Don't be caught off guard. Here are 11 tips to help you prepare should disaster strike.
No one likes to think about things going wrong, but when you run your own business, you just can't ignore the risk. Chances are, every business, at one point or another, will have to deal with unexpected challenges, difficulties or even disasters. What matters is that you're ready to deal with them.
How can businesses prepare for unforeseen challenges? It's impossible to think of and deal with every potential business threat, but there are steps you can take to protect yourself and your business from the financial, natural or human difficulties that could arise.
What could happen to my business?
Unforeseen disasters are, by definition, unexpected, but the more you consider every possibility in advance, the less likely you are to be taken by surprise. Take the time to think about what could go wrong and prepare a risk management plan that outlines how you’ll deal with each possibility. The more prepared you are, the better you'll be able to respond.
Here are some of the scenarios you should think about:
- A natural disaster, such as a hurricane, tornado, earthquake, wildfire, floods, etc.
- A man-made crisis, such as a terrorism attack, mass shooting or lockdown in your area
- The sudden death or loss of a key senior executive, either yourself or someone else
- Theft of your vital business data
- A scandal or social media crisis that ruins your business’ reputation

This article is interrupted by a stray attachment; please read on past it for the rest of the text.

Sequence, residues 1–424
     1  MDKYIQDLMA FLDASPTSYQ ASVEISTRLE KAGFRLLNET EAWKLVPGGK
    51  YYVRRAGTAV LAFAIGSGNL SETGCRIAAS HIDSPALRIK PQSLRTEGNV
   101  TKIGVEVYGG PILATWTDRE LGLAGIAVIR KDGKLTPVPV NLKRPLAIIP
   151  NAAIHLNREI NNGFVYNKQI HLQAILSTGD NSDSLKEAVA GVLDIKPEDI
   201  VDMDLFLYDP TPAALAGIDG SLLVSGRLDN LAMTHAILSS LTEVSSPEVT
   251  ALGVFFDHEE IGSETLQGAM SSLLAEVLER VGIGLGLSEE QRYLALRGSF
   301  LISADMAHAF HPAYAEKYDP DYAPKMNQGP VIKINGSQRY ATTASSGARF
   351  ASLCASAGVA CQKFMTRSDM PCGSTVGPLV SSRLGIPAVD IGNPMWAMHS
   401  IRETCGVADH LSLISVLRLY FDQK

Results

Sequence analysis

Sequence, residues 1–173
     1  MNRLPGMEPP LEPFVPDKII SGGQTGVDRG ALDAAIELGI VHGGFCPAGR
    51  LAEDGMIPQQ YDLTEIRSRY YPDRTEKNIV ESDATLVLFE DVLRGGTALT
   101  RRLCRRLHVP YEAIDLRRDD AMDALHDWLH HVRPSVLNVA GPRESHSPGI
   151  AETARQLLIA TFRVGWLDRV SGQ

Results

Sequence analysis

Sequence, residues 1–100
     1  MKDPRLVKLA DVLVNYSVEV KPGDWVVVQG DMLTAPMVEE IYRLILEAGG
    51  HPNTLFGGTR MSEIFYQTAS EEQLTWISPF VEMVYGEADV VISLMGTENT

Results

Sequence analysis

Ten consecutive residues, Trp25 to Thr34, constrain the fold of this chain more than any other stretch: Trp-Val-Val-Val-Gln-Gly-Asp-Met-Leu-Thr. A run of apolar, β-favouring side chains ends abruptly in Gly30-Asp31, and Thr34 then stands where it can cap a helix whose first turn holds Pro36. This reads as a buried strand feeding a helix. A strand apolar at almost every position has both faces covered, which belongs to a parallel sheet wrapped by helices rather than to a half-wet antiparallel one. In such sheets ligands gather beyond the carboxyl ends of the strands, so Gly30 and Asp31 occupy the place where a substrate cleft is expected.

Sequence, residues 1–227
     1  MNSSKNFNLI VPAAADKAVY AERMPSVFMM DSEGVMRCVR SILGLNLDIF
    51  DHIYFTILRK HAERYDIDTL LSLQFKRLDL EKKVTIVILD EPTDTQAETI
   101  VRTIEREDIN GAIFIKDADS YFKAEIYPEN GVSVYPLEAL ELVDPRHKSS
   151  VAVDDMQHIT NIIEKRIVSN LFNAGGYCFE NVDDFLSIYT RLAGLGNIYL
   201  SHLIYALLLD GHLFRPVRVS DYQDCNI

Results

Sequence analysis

- Equipment failure, a plumbing failure, power outage or some other event that leaves you unable to use your business equipment or premises
- An expensive lawsuit
- A financial disaster elsewhere in your business chain which leaves you waiting indefinitely for payment from your clients
- A strike or natural disaster in the region that produces your goods, leaving you stranded without your product
11 steps to help you prepare for an unforeseen disaster
It’s impossible to prepare for everything, but here are 11 steps to take to proactively protect your business against the most likely scenarios.
1. Assess risk. The very first step is to think about everything that could possibly go wrong in your business. That includes the risk of natural disaster: Is your business located in an earthquake or hurricane zone? Are you close to an area susceptible to wildfires or floods? Do you deal in goods which are highly perishable? Is your equipment well maintained? Does your business use confidential data which could cause a lot of damage if it were leaked or compromised in any way?
2. Analyze key business functions. Although all the areas of your business are important, some are truly non-negotiable. Establish which are the key roles or tasks that must continue in order to keep your business on its feet and which can be allowed to fall by the wayside for a short period of time.
3. Prepare your emergency response. Running a safe work environment means buying and maintaining safety equipment, marking emergency escape routes and planning your immediate response in the case of fire, flood, lockdown, power failure or other potential disaster. Rehearse your emergency response plan once or twice a year with your entire staff.